In the proteomics datasets, we identified and quantified 6578 proteins in fat body and 5370 proteins in muscle samples. We confirmed that the intensity level of Dp protein was downregulated in both Dp-/- fat bodies and Dp-depleted muscles compared to the control tissues, respectively. Concordantly, the expression levels of the well-known E2F-direct targets that are repressed by E2F, such as Arp53D, SpnE, and dATM, were upregulated in both Dp-/- fat bodies and Dp-depleted muscles (Figure 5B).

A set of 5024 proteins that were shared between both tissues was selected for integrative analysis (Supplementary file 2). A log2fold change (FC) ratio was calculated to identify proteins that were changed upon the loss of Dp. These two datasets showed a Pearson correlation of r = 0.172 (Figure 5—figure supplement 1C) indicating that a relevant subset of the changes detected in fat body were also present in muscles. Statistically significant changes were revealed using a false discovery rate (FDR) < 5%, and either a log2FC > 0.5 or a log2FC < −0.5 as cutoff values for upregulated and downregulated proteins, respectively (Figure 5C). We found that 556 proteins increased and 456 proteins decreased in Dp-/- fat bodies, whereas 844 increased and 1208 proteins decreased in Dp-depleted muscles (these are visualized in heatmaps in Figure 5—figure supplement 1D–E).

KEGG pathways enrichment analysis was performed using the functional annotation tool DAVID (Figure 5—figure supplement 1F, Supplementary file 3) to obtain an overall picture of the changes resulting from the loss of E2F/Dp in the two tissues. Categories related to DNA repair, glutathione metabolism, and amino acid metabolism were significantly enriched for upregulated proteins in both tissues, while nucleotide metabolism was only significantly enriched in muscle (FDR<5%, Figure 5—figure supplement 1F, top panel). Similar changes have been linked to the loss of E2F/Dp in previous studies (Guarner et al., 2017; Nicolay et al., 2015; Nicolay et al., 2013). Additionally, proteins related to cytochrome p450 enzymes that catalyze detoxification and biosynthetic reactions in fat body (Chung et al., 2009) were upregulated in Dp mutants (Figure 5—figure supplement 1F, top panel). Among the downregulated proteins, the fat body proteome was enriched for pentose phosphate pathway and fatty acid metabolism, whereas citrate cycle, oxidative phosphorylation, and ribosome categories were significantly overrepresented among the muscle proteome upon the loss of Dp (Figure 5—figure supplement 1F, bottom panel).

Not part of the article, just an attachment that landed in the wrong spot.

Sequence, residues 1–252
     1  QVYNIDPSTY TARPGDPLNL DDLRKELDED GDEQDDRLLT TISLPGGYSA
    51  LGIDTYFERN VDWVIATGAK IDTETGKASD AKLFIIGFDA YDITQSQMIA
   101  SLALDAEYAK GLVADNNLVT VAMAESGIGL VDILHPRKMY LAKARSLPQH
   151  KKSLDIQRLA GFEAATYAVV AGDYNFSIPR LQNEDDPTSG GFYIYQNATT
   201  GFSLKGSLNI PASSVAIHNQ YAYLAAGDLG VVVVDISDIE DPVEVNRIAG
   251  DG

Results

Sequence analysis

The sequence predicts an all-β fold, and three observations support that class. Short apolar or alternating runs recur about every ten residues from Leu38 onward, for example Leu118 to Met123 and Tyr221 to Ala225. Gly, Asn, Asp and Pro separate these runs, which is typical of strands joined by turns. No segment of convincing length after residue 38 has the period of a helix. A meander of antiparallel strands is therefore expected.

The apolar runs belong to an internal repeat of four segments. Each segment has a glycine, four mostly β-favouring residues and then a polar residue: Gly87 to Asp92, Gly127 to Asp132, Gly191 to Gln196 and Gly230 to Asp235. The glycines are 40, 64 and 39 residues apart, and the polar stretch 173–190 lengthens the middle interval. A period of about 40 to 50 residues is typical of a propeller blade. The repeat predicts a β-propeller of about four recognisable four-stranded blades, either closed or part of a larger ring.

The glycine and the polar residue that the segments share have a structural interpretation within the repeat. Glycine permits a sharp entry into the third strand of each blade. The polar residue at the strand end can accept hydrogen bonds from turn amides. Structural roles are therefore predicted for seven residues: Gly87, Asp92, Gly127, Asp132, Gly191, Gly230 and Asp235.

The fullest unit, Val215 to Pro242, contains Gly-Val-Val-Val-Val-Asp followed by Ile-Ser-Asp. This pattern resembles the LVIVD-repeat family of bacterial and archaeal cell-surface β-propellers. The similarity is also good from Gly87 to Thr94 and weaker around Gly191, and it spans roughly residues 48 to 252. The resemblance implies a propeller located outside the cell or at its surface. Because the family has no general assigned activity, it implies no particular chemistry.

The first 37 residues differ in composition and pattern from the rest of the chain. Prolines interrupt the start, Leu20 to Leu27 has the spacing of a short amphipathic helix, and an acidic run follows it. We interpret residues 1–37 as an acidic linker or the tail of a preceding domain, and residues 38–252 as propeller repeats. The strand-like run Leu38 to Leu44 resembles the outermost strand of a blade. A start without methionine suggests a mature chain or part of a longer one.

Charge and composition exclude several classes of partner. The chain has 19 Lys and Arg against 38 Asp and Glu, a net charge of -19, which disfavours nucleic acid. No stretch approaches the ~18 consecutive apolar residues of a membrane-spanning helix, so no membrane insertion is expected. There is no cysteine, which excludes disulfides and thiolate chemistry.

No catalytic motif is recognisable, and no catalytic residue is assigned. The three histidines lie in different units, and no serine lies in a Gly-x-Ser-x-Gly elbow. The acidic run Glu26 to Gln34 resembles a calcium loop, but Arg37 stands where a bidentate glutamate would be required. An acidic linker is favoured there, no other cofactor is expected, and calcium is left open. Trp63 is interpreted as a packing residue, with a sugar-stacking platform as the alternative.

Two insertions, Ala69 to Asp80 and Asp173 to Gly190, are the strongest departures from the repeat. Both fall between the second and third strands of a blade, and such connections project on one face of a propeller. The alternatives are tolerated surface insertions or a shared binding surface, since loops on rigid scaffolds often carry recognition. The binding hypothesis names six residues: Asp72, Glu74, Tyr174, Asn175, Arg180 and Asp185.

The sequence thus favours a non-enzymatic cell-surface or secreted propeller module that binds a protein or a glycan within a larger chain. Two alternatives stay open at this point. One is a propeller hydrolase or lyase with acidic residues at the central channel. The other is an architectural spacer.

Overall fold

Next, we focused on proteomic changes that were shared between these two tissues since these may reflect an E2F function that is common to both tissues (Figure 5D, Supplementary file 4). As expected, the upregulated proteins in Dp-deficient fat body and muscle showed a significant enrichment for DNA damage, DNA recombination, and homologous recombination (Figure 5D, top panel, FDR < 5%). The top annotation cluster for downregulated proteins displayed a significant enrichment for glycolysis, gluconeogenesis, and carbohydrate metabolic process (Figure 5D, bottom panel, FDR < 5%), thus indicating that the loss of Dp alters carbohydrate metabolism in both fat body and muscle.

To explore the metabolic defects triggered by the loss of Dp, we used targeted liquid chromatography tandem mass spectrometry (LC-MS/MS) to profile the metabolic changes upon Dp loss. Third instar Dp-/- larva were collected and compared to two wild-type strains, w1118 and Canton S, to account for differences in the genetic background (Figure 5E, Supplementary file 5). Fifty-five compounds showed significant changes in the Dp mutant compared to both controls (FDR < 5%, Figure 5—figure supplement 1G, Supplementary file 6). The increased and decreased metabolites were selected, and KEGG pathways enrichment analysis was performed. Interestingly, the major metabolic pathways that showed significant enrichment for downregulated compounds were glycolysis, gluconeogenesis, and ammonia recycling (FDR < 5%, Figure 5F, Supplementary file 7), which is largely consistent with the proteome analysis described above. Notably, four metabolites of the core module of the glycolytic pathway, (Figure 5G), 2,3-diphosphoglyceric acid, 3-phosphoglycerate, D-glyceraldehyde-3-phosphate, and phosphoenolpyruvate, were significantly reduced in Dp mutant compared to both controls (Figure 5H).